Geriatrics shortage

Niko Karvounis writes on the geriatrician shortage. As baby boomers approach Medicare age, finding doctors to coordinate their care is becoming more challenging. This is due to the same reasons exacerbating the primary care shortage.

Money, as always, is the answer. Not only financial incentives for medical students to choose the field, but the resources for medical schools to institute geriatrics into the curriculum.

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Bernie Mac, pneumonia, and sarcoidosis

Comedian Bernie Mac dies at age 50 from pneumonia. Sad news.

He had been recently hospitalized, and as recently as two days ago, it was reported he was stable and responding well to treatment. What happened?

There is very little medical information to go on. It was known that he had …

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Culture of surgery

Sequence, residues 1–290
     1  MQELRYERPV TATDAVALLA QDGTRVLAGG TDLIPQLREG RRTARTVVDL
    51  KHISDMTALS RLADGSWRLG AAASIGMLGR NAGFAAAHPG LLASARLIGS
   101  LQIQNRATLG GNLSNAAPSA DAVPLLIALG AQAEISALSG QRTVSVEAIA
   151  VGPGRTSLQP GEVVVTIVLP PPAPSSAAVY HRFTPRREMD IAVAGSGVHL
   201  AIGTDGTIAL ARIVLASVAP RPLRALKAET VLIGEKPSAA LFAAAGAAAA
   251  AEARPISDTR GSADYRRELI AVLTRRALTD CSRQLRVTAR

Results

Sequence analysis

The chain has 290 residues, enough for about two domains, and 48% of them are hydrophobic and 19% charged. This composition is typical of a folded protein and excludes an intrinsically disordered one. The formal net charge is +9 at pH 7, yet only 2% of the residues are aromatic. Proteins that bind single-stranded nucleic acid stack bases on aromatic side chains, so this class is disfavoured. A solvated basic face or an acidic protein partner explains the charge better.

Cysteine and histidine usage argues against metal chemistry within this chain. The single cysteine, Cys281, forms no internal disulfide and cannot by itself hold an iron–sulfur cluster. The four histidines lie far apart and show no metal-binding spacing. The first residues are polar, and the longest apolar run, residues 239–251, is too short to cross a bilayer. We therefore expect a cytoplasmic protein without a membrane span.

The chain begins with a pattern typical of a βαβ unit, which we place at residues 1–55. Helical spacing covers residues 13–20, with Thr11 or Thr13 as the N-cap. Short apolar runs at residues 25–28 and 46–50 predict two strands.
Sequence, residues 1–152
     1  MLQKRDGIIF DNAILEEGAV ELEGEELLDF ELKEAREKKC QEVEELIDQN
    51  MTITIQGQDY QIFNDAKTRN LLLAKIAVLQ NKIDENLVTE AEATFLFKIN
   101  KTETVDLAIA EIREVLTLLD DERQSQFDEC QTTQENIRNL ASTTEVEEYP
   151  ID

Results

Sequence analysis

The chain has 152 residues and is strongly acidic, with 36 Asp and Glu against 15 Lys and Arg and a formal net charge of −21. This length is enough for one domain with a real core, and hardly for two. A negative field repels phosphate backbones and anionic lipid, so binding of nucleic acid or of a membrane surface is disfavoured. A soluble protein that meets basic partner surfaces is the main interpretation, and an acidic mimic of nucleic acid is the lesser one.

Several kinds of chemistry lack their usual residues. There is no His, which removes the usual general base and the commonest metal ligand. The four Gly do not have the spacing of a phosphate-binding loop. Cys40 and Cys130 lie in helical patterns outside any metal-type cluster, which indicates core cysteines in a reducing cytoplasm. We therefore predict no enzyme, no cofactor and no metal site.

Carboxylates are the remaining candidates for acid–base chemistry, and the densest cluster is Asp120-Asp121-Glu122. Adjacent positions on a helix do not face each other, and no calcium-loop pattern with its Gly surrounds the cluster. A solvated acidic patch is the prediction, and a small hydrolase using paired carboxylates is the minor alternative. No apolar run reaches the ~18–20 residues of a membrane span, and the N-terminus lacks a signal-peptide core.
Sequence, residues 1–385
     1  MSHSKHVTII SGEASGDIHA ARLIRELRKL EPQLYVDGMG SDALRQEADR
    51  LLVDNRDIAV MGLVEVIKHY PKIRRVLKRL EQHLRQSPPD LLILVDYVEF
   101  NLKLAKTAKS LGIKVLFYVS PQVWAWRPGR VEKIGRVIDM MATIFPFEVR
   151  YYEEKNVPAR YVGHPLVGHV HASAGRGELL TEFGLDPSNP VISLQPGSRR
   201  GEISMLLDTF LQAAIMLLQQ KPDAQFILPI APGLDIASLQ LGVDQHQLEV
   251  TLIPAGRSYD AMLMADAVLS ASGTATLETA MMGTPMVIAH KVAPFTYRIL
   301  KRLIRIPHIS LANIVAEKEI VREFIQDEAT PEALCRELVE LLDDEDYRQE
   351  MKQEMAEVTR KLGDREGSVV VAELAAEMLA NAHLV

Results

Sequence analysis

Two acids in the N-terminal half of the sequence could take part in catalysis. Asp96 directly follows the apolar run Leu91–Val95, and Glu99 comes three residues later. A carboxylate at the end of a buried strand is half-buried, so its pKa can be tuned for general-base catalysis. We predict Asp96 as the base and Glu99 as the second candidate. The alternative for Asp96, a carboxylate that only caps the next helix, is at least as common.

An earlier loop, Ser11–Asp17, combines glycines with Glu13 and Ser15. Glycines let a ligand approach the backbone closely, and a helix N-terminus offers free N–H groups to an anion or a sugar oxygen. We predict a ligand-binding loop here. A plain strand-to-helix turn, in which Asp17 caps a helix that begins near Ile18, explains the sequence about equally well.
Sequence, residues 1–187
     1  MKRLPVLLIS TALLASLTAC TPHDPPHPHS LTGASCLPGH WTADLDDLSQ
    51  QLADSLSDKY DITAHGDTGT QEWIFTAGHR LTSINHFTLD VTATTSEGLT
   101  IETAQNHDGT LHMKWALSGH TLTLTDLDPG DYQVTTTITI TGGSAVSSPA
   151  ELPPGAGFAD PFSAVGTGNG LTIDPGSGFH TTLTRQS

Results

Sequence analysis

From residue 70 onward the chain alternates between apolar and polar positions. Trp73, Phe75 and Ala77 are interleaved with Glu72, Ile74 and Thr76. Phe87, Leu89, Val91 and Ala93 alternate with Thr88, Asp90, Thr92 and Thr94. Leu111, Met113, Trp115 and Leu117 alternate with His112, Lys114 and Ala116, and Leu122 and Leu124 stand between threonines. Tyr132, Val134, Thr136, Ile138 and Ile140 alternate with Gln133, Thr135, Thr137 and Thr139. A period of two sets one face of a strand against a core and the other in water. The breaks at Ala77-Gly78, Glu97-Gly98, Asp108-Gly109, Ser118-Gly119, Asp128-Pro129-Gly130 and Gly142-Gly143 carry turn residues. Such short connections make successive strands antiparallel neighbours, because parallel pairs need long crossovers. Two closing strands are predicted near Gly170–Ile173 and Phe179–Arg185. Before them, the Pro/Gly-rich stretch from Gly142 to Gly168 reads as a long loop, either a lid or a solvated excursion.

Interesting post. Maggie Mahar explores the hierarchical, and sometimes abusive, environment that pervades surgical training. Will it change?

Not likely, as long as payments continue to be tilted towards surgical procedures. Surgeons are the main profit drivers for hospitals, and subsequently, yield positions of significant power.

Especially when financial times are tough, hospitals will continue to appease surgeons, which makes changing their training environment …

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The shift worker mentality

retired doc laments the declining sense of duty in today’s physicians, fostered by work-hour restrictions during residency.

Shift work medicine is here to stay, as hospitalists, part-time physicians and mid-levels make up an increasing amount of the clinician force.

It’s just another sign of how today’s physicians value lifestyle more than their predecessors. And there’s nothing wrong in desiring that kind of work-life balance.

Night float

Frequent NY Times contributer Sandeep Jauhar has a piece in Slate talking about night float, where interns take a 12 to 14 hour shift overnight to cross-cover the entire hospital.